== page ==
A complete census of the town of Bambuí was carried out by our research team in November and December 1996 to identify the participants of the study. All those aged ³ 60 years old on January 1st 1997 were selected to participate in the baseline of the cohort study. More details can be seen in Lima-Costa et al. (2000b).
The dependent variable of this study was the number of hospital admissions during the last 12 months (none, one and two or more). Hospitalization was defined by passing at least one night in hospital as a patient (Coroni-Huntley et al., 1986).
Selection of independent variables for the present study followed the model proposed by Andersen (Aday & Andersen, 1974; Andersen, 1995; Andersen & Newman, 1973) to investigate characteristics associated with health service use. According to this model, the individual determinants of the utilization of health services are grouped into indicators of predisposing, enabling and need. The variables of predisposing refer to characteristics whose existence precedes the occurrence of any specific episode of disease (gender, age and beliefs with respect to the efficacy of medical treatments are examples of predisposing). Enabling variables are factors that make the health services available to the individual (income and covering for health plans are examples of enablers). Variables of need represent more immediate causes for the utilization of health services (history of previous diagnosis of any disease and self-perceived health status are examples of indicators of need).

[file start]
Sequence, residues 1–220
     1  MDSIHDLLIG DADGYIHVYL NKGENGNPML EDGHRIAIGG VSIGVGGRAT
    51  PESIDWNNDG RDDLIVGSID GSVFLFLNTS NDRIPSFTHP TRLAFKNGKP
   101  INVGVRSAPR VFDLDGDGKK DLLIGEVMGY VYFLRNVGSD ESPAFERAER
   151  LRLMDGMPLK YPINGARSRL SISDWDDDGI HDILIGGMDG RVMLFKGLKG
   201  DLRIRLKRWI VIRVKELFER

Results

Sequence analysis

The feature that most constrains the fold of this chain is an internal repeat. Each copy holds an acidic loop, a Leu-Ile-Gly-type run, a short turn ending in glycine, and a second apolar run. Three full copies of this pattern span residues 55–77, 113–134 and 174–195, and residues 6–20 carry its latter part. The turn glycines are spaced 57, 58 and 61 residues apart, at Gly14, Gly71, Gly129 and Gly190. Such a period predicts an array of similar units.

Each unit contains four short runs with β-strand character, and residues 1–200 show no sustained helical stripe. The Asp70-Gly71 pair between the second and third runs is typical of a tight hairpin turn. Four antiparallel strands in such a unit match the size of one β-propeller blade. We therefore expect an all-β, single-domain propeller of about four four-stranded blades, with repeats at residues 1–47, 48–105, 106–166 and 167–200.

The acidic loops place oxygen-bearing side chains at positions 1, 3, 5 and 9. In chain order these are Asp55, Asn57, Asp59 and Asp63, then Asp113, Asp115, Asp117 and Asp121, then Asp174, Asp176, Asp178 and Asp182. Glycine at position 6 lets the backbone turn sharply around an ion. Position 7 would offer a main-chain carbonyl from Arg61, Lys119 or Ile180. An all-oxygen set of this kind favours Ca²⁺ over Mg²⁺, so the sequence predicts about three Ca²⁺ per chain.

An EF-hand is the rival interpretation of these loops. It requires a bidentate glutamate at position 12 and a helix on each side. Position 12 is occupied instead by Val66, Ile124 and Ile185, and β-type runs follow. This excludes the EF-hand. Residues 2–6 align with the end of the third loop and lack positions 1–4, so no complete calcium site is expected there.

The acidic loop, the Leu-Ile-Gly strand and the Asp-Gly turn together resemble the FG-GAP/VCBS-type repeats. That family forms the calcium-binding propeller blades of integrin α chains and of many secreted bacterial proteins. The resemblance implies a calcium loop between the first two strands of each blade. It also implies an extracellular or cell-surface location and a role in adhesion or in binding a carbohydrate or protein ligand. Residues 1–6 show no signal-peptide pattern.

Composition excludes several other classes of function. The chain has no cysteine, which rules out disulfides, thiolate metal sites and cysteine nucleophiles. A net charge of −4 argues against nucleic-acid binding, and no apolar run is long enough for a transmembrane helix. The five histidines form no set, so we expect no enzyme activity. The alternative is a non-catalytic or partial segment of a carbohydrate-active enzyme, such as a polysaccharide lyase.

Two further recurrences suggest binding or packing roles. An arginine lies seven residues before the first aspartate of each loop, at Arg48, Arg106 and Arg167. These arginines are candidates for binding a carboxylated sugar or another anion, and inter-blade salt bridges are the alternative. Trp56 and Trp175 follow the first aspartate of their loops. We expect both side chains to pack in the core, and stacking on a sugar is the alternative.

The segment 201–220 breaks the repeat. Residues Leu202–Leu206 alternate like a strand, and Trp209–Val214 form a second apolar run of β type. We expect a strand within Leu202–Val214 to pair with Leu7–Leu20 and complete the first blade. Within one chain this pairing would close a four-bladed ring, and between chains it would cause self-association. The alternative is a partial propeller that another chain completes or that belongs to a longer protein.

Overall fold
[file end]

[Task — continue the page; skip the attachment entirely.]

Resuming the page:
The indicator variables of predisposing in the present study were the following: (1) age in years (60-69, 70-79, ³ 80 years), (2) gender (male, female), (3) marital status (married/living together, single, separate/divorced, widowed), (4) educational level in completed years of schooling (none, 1-3, 4-7, ³ 8) and (5) living alone (yes or no).